Electricity rebate activation a shot in the arm
The single catalytic factor of thriving economies across the globe is energy; the cost, quality and reliability of it.
Other than its use in industries and households, the ability of a country to easily access energy to power daily lives is a universally recognised marker of development and progress.
Affordable and accessible energy has been linked to the growth of local economies, especially its impact on increased quality production of domestic goods for local consumption and export.
Country’s running 24-hour economies can attest to the critical role of energy in making this happen.
For some vital sectors of Kenya’s manufacturing sector, electricity takes the lion’s share of total production costs.
For instance in the cement sector, electricity cost averages about 20 per cent of total cost of production, whilst for the steel sector the cost accounts for 20-30 per cent and more than 10 per cent for the textile sector.
Viewed as a whole, Industry is currently the biggest consumer of electricity generated in the country, using up approximately 4,225 Gigawatt.
The government is committed to developing measures for reducing the cost of electricity to a single digit level to spur the sector’s growth.
As a result, the National Treasury and Planning, through the Finance Act, 2018 amended section 15 of the Income Tax Act to enable manufacturers and other heavy power users to deduct 30 per cent of their electricity expenses from their taxable income.
The implication of this amendment in Finance Act, 2018 is that 30 per cent of electricity cost incurred by a manufacturer is treated as an allowable expense for tax purposes subject to the condition set by the Ministry of Energy.
Despite others pointing out the fact that the rebate portends a possible reduction in the government’s income tax from the industries, on the converse, the rebate will enable firms to produce more for local and export markets thereby increasing their competitiveness, which in turn means more revenue streams for the government.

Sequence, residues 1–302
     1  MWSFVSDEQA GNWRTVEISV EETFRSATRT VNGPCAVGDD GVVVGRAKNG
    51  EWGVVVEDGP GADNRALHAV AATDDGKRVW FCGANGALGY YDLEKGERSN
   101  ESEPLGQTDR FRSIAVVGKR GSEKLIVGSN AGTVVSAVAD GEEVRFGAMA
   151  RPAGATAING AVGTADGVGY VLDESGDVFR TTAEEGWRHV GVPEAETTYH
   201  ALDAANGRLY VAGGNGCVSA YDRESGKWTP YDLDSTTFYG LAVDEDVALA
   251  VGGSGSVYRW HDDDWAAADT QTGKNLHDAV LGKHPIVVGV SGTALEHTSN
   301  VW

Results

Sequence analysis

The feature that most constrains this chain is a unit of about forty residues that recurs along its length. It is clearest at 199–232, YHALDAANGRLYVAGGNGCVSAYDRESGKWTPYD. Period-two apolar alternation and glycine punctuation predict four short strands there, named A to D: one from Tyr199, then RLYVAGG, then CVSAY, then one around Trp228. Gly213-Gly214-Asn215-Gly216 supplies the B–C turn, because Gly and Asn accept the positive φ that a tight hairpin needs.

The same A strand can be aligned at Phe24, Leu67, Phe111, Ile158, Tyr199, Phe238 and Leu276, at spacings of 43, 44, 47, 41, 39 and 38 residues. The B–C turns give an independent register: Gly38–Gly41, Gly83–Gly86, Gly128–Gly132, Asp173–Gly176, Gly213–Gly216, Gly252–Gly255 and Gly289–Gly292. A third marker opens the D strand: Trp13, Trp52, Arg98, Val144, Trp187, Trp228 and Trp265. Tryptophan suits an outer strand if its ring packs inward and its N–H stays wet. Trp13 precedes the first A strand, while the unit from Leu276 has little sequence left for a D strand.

The 30 per cent rebate, which has now been brought into effect after its gazettement, is therefore a win-win for both the government and manufacturers.
This is a significant turning point regarding the policy conversations on energy, and the opportune moment for industry to maximise productivity.
If well utilised the rebate programme could potentially result into long term benefits for the country such as the improvement of balance of trade; because it will act as a great impetus towards boosting the competitiveness of locally made products against low-cost imported merchandise.
The rebate programme follows the decision by government to introduce the Time of Use Tariff whose uptake has been increasing, with industries savings more than doubling from Sh78.8 million to Sh196.7 million in one year.
A journey of a thousand miles begins with one step. In our case, we have taken some key first steps towards our end goal to reduce the cost of electricity to 9kw/h for the entire manufacturing sector.
The focus is on making the effect of these steps long-term and far-reaching, in order to achieve our economic goals and boost Kenya’s ability to attract investors.
A good way to do this would be for the Ministry of Energy to adopt and implement the recommendations on the Least Cost Power Development Plan 2017-2037 (LCPDP 2017-2037) developed by the sector planning committee.
More specifically on boosting the demand for the existing geothermal plants to match supply before introduction of new plants.
Another move would be to fast-track implementation of flagship projects as identified under Vision 2030 to facilitate the creation of the Eastern Africa power pool electricity market.
Indeed, if we carry on in this trajectory then our goal for economic development powered by industry is not a far off dream but a rather conceivable reality for our country. The writer is the Chairman of the Kenya Association of Manufacturers. [email protected]